The runup to the Iraq War, the criminal incompetence of the government’s response to Katrina and four years of the Trump administration’s moral callousness has all but scrubbed the terms “repentance” and “responsibility” from the GOP playbook.
Pennsylvania is home to a particularly odious brand of hypocritical rightwing populism and politician. Their ridiculous posturing has been especially evident during Mr. Trump’s attempt to disenfranchise our state’s voters and decertify Mr. Biden as the rightful winner of our 20 electoral votes.
By Tiffany Cusaac-Smith, Adria R. Walker, Peter D. Kramer, Geoffrey Wilson and Jeff Neiburg Beaver County Times via USA TODAY NETWORK
Jan 9, 2020 – Reenah Golden remembers people taking shelter in a church after hours of marching and protesting the death of Daniel Prude, a Black man suffocated while being restrained by Rochester police officers last year.
That night, officers followed protesters to the church, barraging the holy site with pepper balls.
Months later, Golden said the chemical dispersants and other tactics come to mind when she saw law enforcement’s response to President Donald Trump supporters marauding the U.S. Capitol, one of American democracy’s most hollowed spaces.
Egged on by Trump, the mob broke through police lines at the Capitol. Rioters were then seen waving flags in the building, sitting in the office of House Speaker Nancy Pelosi and storming the floor of the Senate.
Black activists say their largely peaceful marches following the death of Prude and George Floyd this summer were quickly met with police in riot gear and chemical dispersants, while law enforcement was lethargic in halting largely white marauders from storming the Capitol.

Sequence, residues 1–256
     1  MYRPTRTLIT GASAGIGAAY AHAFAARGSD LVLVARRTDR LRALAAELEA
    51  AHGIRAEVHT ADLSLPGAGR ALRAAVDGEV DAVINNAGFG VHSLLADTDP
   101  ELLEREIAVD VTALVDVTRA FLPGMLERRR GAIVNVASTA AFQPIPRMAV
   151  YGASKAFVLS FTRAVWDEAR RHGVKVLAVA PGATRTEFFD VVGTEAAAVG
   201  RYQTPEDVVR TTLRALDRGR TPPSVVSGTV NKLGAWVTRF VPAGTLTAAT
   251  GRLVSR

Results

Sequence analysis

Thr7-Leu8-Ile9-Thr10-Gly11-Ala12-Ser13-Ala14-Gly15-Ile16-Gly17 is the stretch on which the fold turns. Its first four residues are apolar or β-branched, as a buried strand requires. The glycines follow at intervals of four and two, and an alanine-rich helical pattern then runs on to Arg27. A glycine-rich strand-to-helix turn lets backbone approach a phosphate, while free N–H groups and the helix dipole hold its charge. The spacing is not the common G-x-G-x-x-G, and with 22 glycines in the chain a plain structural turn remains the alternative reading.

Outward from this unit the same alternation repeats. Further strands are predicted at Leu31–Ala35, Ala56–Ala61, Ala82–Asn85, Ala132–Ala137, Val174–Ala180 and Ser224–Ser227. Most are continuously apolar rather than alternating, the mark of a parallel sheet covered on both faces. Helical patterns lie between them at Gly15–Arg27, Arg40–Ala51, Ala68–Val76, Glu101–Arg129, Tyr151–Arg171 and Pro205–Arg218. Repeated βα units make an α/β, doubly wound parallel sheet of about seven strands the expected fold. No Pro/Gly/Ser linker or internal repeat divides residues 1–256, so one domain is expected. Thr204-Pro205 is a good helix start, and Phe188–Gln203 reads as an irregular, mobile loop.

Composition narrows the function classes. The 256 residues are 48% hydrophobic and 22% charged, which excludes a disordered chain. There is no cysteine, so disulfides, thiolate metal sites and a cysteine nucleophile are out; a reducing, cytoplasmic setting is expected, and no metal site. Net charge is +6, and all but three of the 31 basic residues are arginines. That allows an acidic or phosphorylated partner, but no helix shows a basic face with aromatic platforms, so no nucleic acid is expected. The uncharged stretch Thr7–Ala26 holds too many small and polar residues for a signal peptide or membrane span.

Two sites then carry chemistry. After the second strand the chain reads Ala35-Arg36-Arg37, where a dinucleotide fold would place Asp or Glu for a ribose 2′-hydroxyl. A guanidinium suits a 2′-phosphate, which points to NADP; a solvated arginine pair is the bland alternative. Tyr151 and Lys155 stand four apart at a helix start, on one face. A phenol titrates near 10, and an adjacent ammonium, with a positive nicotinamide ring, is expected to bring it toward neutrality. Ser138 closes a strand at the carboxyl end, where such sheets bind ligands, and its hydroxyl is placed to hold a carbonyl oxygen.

They say that racism is at the root of the disparate reaction from police officials.
The night the Prude protesters sought refuge in the Rochester church last September, Golden remained outside the church. She recalls police firing tear gas at her car while she sought to drive away with protesters for whom she was seeking medical attention.
“At the Capitol, I see just the opposite,” Golden said. “I see care, attention, thoughtfulness in the approach. Regard for human life to an extent — I saw a lot of that watching the footage and that definitely was deeply painful to watch.”
She added: “We didn’t get that same regard, that same care even though we were fighting for injustice.”
‘White privilege’ seen in riot’s aftermath
Mahkieb Booker, a Black Lives Matter organizer, chants as Wilmington police block protesters from moving up Market Street from Fourth Street after they gathered in early September at police headquarters to call for the firing of an officer they say is abusive to the public.
Seeing law enforcement’s slow response, Black protesters and leaders saw race as the determining factor in the difference between the police response on America’s streets this summer and what they saw on Wednesday.